Pelvic Sexual Dimorphism in Modern Birds (Aves: Neornithes) and Its Evolutionary Relationship with Relative Egg Size

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Montana State Univeristy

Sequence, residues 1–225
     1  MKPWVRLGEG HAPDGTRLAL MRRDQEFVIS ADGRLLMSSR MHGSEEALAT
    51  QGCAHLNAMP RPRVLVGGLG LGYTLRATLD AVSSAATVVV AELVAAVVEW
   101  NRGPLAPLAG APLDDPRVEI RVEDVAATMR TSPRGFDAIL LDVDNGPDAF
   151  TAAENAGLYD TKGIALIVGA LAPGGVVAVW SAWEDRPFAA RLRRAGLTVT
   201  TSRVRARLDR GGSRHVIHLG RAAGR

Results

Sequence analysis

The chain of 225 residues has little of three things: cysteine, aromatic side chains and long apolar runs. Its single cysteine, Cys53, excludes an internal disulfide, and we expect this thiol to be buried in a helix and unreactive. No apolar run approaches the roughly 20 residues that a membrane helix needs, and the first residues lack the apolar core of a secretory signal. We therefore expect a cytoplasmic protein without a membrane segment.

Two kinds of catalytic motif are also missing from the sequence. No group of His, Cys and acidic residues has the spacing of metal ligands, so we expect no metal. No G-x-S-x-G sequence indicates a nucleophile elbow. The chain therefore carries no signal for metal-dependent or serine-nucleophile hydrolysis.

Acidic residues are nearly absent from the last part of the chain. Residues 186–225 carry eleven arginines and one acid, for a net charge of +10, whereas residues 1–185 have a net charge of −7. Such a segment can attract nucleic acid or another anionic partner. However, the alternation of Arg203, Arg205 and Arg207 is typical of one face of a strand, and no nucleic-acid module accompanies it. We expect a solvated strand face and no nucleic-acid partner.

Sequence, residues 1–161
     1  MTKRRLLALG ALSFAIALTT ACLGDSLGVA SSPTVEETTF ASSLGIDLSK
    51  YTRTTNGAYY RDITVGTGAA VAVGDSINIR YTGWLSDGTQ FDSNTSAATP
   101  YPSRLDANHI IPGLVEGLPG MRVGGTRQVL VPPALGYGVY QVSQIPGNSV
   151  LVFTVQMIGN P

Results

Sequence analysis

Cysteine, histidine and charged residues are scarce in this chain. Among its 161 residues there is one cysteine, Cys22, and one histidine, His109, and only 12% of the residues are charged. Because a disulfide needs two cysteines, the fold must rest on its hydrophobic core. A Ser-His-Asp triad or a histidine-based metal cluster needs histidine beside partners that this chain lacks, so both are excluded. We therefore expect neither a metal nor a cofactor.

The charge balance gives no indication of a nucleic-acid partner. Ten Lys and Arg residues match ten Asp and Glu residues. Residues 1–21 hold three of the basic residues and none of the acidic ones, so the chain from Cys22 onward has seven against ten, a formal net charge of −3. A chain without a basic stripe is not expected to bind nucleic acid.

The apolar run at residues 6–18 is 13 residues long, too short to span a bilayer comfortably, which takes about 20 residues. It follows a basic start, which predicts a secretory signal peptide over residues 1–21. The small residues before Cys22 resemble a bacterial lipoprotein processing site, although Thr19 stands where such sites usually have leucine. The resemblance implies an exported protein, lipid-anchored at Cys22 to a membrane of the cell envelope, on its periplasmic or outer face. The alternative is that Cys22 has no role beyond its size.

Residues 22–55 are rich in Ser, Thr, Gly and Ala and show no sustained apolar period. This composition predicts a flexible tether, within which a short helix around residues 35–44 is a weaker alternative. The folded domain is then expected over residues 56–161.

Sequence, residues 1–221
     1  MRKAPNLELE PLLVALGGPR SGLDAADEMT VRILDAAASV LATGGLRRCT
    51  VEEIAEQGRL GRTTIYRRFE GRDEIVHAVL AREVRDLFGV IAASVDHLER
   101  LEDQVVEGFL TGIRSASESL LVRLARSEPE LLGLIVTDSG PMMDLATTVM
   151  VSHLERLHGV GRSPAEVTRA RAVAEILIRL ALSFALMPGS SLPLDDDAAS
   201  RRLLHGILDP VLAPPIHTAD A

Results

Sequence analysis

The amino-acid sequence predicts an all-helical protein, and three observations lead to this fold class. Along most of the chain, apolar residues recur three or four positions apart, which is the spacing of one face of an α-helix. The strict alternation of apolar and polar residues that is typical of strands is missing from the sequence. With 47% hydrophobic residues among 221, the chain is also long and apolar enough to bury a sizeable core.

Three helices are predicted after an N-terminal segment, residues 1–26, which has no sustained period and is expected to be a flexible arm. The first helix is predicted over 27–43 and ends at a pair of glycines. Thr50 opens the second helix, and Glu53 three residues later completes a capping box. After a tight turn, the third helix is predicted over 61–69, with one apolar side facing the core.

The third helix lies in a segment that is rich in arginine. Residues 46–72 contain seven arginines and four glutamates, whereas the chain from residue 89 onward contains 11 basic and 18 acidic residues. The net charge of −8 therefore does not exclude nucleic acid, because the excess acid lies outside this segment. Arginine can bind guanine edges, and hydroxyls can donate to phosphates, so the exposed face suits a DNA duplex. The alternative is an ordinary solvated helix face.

Pelvic evolution from non-avian to avian dinosaurs (modern birds) is often assessed biomechanically, with functions ranging from weight-carrying, ventilation, and locomotion/flight. Recently, reproduction has been hypothesized to have constrained and shaped pelvic morphology along this lineage. Opening of the pelvis by separating the pubes is thought to have allowed an increase in relative egg size and changes in the egg shape. Since reproductive ability would be advantageous for females, pelvic dimorphism may have evolved in this group. Pelvic dimorphism and its correlation with reproduction in non-avian reptiles and mammals have been extensively studied, but not in modern birds. We are currently investigating pelvic size dimorphism using a multiple regression on representative species from the major group of modern birds (n=30). This will test if there is a significant difference in pelvis dimensions between sexes after accounting for body size. We will also use phylogenetic regression to test for a correlation between dimorphism and relative egg size. Completion of this study will not only result in a better understanding of how the avian pelvis evolved, but also of how sexual selection modifies skeletal anatomy. It is possible that the outcomes of this research will produce a reliable method for determining the sex of extinct dinosaurs, which has been a major hurdle to paleobiological research.




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